Iron and its Synergists

Garden beets are one of the richest storehouses of assailable iron. In one list of several hundred food sources of iron, beets stood in fourth place – exceeded only by dry beans, soybeans and parsley (highest). When you consider the low-starch content of beets and evaluate other vegetable sources of iron, beets have the highest level compared to other food sources of iron. Also, you may recall that the juice of beets is acidic due to the presence of organic acids (including citric, malic, tartaric, malonic, and others), and that iron is best absorbed in an acid medium, the natural environment afforded by beet juice. Copper is also necessary for the utilization of iron and is present in beets in a significant amount.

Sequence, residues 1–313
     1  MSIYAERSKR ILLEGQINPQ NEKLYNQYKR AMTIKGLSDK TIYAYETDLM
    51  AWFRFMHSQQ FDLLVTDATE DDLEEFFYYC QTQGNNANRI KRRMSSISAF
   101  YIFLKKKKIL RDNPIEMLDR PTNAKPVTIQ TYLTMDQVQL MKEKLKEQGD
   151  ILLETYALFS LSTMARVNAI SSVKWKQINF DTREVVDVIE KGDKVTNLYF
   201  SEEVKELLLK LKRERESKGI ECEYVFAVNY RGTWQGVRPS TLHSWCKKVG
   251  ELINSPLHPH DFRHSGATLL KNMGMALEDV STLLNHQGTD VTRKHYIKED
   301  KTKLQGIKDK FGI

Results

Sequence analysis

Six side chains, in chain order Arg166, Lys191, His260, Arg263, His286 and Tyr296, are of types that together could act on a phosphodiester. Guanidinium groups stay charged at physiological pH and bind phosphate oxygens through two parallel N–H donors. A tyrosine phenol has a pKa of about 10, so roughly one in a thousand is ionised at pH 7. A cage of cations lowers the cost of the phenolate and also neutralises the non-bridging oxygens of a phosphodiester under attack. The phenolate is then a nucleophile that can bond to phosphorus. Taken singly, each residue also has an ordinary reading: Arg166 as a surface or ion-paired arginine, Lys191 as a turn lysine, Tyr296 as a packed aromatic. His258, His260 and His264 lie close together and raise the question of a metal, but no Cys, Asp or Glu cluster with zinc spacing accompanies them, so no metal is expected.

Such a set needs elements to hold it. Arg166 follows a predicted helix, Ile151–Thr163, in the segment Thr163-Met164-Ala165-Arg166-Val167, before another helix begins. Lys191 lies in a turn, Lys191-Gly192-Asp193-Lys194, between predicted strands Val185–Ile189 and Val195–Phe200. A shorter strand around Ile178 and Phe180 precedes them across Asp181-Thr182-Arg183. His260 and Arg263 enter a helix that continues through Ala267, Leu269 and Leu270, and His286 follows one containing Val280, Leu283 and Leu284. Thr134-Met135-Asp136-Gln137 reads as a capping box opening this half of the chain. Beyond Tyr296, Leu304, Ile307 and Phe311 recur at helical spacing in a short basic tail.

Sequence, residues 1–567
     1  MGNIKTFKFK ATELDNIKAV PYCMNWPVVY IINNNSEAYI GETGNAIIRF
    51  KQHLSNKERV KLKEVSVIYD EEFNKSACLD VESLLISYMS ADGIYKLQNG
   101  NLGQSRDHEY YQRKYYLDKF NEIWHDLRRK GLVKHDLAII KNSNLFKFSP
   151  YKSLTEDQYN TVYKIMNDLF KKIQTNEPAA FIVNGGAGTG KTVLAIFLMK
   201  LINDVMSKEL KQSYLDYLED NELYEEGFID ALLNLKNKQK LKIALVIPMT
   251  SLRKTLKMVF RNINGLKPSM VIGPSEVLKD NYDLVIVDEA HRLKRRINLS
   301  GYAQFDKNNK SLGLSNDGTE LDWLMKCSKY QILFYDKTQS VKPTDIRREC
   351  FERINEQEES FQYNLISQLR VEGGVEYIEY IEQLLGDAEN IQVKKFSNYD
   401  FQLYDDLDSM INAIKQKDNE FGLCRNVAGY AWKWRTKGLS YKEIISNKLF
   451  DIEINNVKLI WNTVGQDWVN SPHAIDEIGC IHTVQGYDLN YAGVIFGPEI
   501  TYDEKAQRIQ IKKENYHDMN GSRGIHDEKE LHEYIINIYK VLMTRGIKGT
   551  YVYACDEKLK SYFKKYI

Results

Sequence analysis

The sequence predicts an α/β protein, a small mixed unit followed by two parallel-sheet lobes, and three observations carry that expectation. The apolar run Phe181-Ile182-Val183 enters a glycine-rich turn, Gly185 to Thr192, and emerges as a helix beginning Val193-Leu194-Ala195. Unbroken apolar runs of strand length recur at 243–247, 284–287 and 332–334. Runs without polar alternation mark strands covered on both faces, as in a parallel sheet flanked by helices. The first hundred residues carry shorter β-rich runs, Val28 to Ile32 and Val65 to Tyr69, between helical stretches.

Organic Mineral Source

Iodine (depending on soil), manganese, silica, chlorine, potassium and zinc are all present in these leafy green vegetables. Zinc is particularly important in carbohydrate metabolism, being necessary for the formation of enzymes, which utilize sugars and starches as they go through changes in the body – called intermediate processes. It is zinc which seems to potentiate the action of insulin.


Sugars and Pectins

Beet root is nature’s sugar factory, producing dextrose, levulose and sucrose. By the action of sunlight on the leaves the plant produces chlorophyll. Pectins and galacturonic acid groups are also present. These aid in the detoxification processes of the body and are able to produce bulk in the intestines which is soothing and promotes the growth of favorable bacteria.

Amino Acid Source